Although the technological threat posed by non-state actors in the future is probably limited, major powers like China and Russia have developed sophisticated means to stymie U.S. force movements and corrupt or disable mission essential technological capabilities. Strategies of anti-access and area denial, anti-satellite capabilities, expanded electronic warfare portfolios, and the capacity for cyber-attacks and infiltration may be useful in their own right but they also directly contest what are perceived as key U.S. technological strengths like force projection, global navigation and battlefield communication. These adversaries have learned that the U.S. military’s relative freedom of movement hinges on its ability to effectively use its advanced command, control and communications networks.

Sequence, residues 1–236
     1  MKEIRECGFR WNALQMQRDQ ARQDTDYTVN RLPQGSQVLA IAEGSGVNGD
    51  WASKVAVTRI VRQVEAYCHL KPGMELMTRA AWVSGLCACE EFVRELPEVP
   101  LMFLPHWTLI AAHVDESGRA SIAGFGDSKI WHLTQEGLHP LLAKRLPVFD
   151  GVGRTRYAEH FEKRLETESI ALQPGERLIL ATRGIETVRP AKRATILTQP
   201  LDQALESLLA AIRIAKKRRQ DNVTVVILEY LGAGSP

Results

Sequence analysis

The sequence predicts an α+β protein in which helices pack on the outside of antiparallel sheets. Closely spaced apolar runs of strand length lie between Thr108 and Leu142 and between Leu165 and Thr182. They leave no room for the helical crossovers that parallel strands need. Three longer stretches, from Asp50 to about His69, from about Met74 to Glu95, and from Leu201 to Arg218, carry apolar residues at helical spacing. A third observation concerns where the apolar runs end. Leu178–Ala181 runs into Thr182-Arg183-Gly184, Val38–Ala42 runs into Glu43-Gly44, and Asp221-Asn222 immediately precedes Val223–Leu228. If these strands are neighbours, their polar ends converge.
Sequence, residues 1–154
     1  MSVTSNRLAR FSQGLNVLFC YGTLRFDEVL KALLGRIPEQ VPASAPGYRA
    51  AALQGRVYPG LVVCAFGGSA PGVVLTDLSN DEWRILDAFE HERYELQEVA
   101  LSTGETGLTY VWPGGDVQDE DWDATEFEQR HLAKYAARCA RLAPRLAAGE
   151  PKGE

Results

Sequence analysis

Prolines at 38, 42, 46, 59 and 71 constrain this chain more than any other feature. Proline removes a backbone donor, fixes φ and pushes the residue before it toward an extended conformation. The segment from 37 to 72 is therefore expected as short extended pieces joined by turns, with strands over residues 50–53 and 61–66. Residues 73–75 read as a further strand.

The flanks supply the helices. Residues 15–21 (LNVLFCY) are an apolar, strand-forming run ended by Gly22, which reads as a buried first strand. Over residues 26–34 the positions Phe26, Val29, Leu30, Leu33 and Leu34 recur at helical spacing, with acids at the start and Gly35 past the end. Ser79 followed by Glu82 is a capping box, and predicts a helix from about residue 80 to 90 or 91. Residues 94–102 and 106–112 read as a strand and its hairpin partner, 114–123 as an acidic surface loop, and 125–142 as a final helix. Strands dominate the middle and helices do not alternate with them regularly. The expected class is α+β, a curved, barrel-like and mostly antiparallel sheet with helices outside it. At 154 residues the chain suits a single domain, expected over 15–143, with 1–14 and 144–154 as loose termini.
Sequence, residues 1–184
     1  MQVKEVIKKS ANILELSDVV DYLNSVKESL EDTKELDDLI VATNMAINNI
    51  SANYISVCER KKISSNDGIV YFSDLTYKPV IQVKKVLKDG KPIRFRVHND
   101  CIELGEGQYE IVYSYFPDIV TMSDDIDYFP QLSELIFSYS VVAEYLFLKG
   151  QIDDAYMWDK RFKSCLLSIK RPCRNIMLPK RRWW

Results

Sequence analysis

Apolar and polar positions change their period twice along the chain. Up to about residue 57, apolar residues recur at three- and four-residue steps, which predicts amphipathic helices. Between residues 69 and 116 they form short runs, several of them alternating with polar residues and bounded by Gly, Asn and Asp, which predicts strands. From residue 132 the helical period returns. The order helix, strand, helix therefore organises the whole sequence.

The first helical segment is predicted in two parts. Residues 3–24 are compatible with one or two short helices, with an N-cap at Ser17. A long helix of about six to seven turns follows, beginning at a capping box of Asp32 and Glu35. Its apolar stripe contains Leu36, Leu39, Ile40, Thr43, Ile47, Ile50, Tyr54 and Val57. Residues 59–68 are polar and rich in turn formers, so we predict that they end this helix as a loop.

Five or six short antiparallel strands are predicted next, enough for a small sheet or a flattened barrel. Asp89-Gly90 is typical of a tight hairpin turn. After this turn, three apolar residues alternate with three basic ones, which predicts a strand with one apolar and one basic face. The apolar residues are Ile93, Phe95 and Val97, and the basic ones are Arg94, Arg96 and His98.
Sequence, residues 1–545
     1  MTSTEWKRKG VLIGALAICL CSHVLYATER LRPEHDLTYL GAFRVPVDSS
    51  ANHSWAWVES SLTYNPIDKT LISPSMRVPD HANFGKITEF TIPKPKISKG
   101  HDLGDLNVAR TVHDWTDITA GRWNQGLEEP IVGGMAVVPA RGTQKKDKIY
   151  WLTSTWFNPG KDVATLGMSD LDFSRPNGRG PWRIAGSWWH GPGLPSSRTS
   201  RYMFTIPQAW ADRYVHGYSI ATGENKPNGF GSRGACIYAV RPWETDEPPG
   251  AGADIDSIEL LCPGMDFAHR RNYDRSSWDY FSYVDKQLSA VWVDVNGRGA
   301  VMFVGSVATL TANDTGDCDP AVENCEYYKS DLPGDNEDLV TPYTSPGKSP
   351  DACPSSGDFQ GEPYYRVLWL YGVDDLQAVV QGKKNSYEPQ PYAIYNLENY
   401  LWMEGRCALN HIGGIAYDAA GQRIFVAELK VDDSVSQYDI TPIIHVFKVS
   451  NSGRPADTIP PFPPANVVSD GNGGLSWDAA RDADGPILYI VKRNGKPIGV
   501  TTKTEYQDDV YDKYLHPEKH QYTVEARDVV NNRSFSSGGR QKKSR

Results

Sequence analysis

The need to make greater investments in technology is difficult if not impossible to separate from the risks posed by an increasing military reliance on this technology. Striking a balance between the two likely will not be easy. Once used, the time and resources invested in fielding, maintaining and monitoring military networks cannot then be reused to train for analogous nontechnical skills. This is problematic, especially when considering that if these networks fail or are not available, U.S. military personnel may struggle to navigate, direct artillery fires or communicate among themselves—potentially limiting their ability to operate effectively on future battlefields.